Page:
Government of India is also taking measures and setting guide lines for the public sector undertakings for discharging their social commitments. Public sector oil companies like ONGC, Indian Oil, Gail India, BPCL, HPCL and Oil India will spend at least 2% of their net profits for 2008-09 on social development projects this year as the government has set a floor for their social spending, petroleum secretary R. S. Pandey said on 17th April, 2009. After steel public sector units (PSUs), the government has set a mandatory target on social welfare activities for oil PSUs. The move could also be extended to public sector companies in other sectors.

AS part of the President, Dr A.P.J. Abdul Kalam's Vision 2020, ONGC will launch its Corporate Social Responsibility (CSR) project on providing urban amenities in rural areas (PURA) on April 18, 2005. The project will start with a seed money of Rs 10 crore. Same project has started by other PSUs in the field of Oil and Natural Gas and in some other sector also.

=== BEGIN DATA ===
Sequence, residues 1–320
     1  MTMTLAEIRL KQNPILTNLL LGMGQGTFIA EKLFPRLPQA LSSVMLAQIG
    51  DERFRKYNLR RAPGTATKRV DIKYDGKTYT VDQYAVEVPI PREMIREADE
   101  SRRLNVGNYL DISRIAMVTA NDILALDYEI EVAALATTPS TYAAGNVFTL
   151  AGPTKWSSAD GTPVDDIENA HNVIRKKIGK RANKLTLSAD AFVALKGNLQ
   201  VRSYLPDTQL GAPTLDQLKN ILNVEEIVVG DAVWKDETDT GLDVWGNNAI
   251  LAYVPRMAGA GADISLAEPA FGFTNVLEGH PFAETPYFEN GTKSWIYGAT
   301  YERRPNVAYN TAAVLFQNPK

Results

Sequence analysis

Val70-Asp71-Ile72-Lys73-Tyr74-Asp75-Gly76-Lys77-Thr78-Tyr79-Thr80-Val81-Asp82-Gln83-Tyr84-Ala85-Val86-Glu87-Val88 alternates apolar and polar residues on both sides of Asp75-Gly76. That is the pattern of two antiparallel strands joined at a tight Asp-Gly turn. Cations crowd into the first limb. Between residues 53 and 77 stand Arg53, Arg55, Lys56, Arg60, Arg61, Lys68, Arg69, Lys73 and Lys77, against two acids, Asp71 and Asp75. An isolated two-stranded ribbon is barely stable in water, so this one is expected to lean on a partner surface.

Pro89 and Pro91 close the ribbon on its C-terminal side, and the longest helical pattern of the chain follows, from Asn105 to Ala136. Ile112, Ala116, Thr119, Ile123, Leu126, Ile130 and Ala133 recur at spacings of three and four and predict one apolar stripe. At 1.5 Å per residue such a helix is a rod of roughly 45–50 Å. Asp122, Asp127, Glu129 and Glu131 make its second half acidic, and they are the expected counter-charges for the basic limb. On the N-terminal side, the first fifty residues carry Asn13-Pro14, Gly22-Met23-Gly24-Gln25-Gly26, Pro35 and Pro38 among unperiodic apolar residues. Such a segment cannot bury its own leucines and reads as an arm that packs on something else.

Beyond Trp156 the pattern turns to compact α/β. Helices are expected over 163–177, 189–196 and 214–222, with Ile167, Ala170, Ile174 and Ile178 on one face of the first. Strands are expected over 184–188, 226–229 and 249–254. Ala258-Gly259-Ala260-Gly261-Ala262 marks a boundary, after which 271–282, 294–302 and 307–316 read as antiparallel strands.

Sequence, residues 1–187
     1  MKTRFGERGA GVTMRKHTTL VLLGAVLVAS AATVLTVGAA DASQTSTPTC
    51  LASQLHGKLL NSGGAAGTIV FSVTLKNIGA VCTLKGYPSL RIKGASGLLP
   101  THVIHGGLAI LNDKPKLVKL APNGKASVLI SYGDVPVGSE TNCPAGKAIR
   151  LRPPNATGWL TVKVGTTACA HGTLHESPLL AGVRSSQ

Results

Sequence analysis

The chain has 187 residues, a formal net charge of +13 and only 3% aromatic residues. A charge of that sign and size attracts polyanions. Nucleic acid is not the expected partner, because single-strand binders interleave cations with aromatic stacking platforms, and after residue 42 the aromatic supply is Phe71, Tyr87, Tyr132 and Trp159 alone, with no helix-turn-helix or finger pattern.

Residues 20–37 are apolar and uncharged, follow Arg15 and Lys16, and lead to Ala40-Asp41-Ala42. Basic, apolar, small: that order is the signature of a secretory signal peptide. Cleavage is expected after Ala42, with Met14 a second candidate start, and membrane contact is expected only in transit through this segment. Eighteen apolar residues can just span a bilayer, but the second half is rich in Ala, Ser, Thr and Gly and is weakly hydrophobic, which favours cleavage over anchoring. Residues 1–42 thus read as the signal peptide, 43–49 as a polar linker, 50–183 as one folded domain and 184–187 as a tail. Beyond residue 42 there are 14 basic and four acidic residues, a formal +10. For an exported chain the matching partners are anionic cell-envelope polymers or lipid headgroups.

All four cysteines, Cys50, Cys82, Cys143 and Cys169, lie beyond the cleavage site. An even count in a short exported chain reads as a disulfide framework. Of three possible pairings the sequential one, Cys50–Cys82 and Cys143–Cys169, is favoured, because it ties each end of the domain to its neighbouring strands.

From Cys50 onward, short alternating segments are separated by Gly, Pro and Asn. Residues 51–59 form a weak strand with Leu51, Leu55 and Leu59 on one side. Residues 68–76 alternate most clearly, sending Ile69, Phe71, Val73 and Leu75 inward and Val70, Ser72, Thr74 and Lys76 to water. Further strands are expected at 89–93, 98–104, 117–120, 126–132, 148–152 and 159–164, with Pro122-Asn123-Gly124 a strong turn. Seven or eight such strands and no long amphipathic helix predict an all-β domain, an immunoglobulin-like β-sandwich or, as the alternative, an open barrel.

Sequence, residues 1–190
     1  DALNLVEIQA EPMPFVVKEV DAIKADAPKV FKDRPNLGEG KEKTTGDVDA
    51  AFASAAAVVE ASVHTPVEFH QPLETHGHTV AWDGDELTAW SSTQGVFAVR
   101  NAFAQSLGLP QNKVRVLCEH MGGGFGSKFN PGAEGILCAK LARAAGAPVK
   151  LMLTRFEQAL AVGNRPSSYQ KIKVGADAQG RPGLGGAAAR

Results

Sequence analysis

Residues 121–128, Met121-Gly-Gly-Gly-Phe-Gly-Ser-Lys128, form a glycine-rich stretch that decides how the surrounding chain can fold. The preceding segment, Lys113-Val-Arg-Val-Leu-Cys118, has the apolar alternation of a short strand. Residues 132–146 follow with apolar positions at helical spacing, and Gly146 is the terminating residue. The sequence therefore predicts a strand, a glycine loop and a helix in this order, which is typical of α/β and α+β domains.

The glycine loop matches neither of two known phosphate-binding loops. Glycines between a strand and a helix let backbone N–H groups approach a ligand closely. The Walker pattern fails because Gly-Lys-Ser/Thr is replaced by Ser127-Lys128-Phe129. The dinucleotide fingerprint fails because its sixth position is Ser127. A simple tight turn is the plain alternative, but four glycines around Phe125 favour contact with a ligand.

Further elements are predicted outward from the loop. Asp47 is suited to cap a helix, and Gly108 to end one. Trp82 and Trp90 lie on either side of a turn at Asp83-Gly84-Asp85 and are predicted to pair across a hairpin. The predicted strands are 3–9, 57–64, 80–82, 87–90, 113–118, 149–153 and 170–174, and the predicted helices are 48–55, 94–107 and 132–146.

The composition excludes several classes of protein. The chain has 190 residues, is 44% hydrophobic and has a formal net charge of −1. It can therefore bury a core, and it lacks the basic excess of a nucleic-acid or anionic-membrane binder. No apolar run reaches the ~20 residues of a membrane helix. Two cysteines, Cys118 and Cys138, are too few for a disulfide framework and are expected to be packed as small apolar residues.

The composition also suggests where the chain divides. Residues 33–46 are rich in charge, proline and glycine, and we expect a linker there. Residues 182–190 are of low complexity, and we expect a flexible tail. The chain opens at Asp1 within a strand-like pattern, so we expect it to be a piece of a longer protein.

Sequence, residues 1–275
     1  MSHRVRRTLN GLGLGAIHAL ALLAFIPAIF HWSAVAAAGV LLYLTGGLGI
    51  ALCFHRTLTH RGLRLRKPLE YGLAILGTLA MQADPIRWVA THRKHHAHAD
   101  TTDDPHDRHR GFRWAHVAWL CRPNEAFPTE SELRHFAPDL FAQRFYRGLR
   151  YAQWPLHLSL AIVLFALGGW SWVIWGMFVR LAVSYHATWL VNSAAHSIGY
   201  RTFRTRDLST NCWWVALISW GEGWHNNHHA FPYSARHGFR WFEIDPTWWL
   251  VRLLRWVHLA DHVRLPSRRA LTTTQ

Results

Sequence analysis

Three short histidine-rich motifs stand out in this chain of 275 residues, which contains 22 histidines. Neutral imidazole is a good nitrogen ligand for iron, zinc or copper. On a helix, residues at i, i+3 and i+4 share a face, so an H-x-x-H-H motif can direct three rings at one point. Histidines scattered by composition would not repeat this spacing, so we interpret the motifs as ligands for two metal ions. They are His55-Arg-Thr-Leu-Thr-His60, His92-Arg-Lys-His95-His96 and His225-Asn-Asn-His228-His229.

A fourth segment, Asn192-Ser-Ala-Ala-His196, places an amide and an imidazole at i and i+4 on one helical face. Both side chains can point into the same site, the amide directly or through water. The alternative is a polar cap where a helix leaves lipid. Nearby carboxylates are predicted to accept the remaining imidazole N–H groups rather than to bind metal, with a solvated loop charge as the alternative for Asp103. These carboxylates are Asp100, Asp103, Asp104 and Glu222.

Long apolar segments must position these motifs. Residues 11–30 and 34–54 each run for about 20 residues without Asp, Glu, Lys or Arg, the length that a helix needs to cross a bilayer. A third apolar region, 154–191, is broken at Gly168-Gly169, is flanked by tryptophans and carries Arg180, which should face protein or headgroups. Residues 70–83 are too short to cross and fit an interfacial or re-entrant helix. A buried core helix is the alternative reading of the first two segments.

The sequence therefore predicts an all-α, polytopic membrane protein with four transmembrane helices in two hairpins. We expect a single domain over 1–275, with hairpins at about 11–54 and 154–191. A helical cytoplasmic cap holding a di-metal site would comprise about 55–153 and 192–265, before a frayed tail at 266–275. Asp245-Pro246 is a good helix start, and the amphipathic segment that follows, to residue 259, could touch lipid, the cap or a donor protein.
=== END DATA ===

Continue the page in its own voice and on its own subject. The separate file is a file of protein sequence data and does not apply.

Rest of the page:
Corporate Social Responsibility performance of ONGC in Assam:

In Assam, most of the companies in corporate Oil and Natural Gas sector has been incurring expenditure for social cause as a part of their corporate citizenship policy.

Despite the main concern to find more oil and gas, the corporate oil and gas PSUs has always given top priority towards the upliftment of the less privileged sections of the society in which it operates. Since, this sector generate profits, it has a philosophy to contribute for well-being of the society to improve the quality of the people amongst whom it works, to the extent possible. It is also committed to provide safe working conditions to its employees and to maintain ecological balance and protection of the environment in its operational activities. Special emphasis of pollution control and safety measure have been undertaken to prevent environmental degradation and accidents respectively.

Here in this paper, researcher has tried to find out specific activities done by the respective corporate body for upliftment of weaker section of the society and the community, and environment at a large.